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Tonsil and Adenoid Surgery: Discharge Instructions

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KEY POINTS

  • Tonsil and adenoid surgery is a procedure to remove the tonsils and adenoids from the back of the throat.
  • Follow the full course of treatment prescribed by your child’s healthcare provider. If your child’s healthcare provider prescribed an antibiotic, make sure that your child takes all of it according to instructions.
  • Ask your healthcare provider what symptoms or problems you should watch for and what to do if your child has them.

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What is tonsil and adenoid surgery?

Tonsil and adenoid surgery is a procedure to remove the tonsils and adenoids. The tonsils and adenoids help the body fight infections, like colds. However, the body can still fight infection if they are removed.

  • Your child has 2 tonsils, one on each side of the back of the throat. They look like reddish, oval-shaped masses and may be easy to see.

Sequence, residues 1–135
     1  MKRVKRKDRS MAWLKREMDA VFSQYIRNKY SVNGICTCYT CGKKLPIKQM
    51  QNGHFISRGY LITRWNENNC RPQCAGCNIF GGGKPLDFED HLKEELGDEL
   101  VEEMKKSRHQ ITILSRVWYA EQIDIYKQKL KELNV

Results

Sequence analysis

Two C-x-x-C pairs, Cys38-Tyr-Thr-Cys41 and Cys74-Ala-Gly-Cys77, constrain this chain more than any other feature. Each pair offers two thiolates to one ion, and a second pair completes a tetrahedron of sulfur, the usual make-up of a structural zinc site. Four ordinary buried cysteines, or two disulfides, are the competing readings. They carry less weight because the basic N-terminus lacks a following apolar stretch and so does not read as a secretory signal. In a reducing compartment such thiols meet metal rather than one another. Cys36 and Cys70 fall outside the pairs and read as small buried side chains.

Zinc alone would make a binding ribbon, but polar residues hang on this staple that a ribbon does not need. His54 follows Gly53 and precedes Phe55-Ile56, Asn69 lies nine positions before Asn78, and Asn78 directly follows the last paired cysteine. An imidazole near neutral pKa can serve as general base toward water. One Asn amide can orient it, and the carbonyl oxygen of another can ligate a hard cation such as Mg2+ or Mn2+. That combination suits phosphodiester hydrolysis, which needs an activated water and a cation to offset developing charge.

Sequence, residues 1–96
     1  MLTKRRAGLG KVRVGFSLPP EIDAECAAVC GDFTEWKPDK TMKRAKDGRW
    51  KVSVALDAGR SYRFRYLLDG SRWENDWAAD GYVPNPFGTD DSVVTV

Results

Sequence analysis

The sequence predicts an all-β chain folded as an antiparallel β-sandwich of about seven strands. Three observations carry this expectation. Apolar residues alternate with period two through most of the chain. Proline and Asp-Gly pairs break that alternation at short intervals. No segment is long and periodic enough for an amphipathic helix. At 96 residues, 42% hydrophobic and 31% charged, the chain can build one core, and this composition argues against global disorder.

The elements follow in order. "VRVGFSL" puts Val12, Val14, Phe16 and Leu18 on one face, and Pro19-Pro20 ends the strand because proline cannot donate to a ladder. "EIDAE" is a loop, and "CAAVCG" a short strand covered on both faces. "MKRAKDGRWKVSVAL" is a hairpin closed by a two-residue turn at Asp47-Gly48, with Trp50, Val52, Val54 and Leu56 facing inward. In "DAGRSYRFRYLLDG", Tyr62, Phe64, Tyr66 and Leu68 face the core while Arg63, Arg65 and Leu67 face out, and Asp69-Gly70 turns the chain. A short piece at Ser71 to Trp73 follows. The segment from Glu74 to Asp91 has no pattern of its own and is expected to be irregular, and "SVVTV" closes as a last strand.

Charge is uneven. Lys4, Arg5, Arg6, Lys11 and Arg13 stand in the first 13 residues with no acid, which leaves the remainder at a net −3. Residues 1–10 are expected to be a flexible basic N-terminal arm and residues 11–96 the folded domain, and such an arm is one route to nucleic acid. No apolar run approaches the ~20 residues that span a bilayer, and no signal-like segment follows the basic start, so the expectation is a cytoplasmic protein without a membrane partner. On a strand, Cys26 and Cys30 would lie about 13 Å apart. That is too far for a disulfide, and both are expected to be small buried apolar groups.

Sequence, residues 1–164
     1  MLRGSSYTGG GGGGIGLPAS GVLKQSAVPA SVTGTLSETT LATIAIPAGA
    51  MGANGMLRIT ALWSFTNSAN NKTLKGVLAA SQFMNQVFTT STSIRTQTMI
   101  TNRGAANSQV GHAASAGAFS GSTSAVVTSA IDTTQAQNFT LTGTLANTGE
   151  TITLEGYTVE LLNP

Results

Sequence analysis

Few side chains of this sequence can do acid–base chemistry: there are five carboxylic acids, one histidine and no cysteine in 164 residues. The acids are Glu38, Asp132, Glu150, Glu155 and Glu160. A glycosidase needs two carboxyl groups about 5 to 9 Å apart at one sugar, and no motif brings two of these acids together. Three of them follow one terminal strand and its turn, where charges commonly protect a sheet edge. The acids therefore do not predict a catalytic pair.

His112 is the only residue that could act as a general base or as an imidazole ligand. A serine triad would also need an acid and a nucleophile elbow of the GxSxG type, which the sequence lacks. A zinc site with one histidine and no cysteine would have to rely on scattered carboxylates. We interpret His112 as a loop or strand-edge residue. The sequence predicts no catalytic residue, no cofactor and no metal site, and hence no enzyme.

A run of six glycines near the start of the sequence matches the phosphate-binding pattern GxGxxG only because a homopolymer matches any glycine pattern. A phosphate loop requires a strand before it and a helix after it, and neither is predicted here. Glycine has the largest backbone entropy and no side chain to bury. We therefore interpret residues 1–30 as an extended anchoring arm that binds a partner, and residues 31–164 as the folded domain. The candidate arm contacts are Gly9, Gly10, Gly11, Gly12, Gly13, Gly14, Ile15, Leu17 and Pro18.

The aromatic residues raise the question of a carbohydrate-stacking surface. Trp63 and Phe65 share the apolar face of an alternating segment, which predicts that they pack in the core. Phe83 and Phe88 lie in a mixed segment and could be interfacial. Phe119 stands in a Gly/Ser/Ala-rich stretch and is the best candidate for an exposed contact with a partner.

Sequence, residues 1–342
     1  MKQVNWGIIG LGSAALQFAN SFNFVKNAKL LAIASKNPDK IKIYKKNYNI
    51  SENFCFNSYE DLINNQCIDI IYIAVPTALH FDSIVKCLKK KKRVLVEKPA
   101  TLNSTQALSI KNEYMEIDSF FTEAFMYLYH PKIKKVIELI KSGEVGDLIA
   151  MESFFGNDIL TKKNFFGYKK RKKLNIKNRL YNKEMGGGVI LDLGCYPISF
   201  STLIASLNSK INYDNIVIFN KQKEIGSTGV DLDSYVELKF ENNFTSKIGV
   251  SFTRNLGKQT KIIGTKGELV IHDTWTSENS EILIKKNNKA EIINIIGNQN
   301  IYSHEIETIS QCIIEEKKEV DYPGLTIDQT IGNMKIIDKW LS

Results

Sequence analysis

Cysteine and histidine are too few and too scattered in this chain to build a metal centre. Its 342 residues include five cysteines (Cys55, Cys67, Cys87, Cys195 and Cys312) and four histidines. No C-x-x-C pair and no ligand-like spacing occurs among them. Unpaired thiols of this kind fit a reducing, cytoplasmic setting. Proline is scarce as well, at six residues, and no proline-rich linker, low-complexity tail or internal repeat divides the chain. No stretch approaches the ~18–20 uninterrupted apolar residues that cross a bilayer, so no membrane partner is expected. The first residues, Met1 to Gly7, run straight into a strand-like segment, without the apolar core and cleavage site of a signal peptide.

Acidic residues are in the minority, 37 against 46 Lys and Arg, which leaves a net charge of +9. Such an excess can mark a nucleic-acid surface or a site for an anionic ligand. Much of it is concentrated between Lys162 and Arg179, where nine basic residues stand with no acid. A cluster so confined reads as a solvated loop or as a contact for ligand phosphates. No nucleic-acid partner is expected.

• The adenoids are high in the throat behind the nose and the roof of the mouth and cannot be seen without special equipment.

Your child may have both the tonsils and adenoids removed at the same time. Some children only have the tonsils or the adenoids removed.

How long will it take to recover?

For a week or so after surgery, your child will have a sore throat. Your child may also:

  • Lack energy and tire easily for several days
  • Be restless at night and not sleep well
  • Have problems with constipation for several days because of the effects of the pain medicine or because he will not feel like drinking very much liquid

How can I take care of my child?

Follow the full course of treatment prescribed by your child’s healthcare provider. Common recommendations include:

  • If an antibiotic has been prescribed, make sure that your child takes all of it according to instructions.
  • Let your child rest at home for the first 48 hours after surgery. Activity may be slowly increased as your child's strength increases. There is no rule for the right time to go back to school, but a guideline is 7 to 10 days after the tonsils are taken out. Rough play and contact sports should not be allowed until 14 days after tonsil or adenoid surgery. Contact your child's school for make-up work.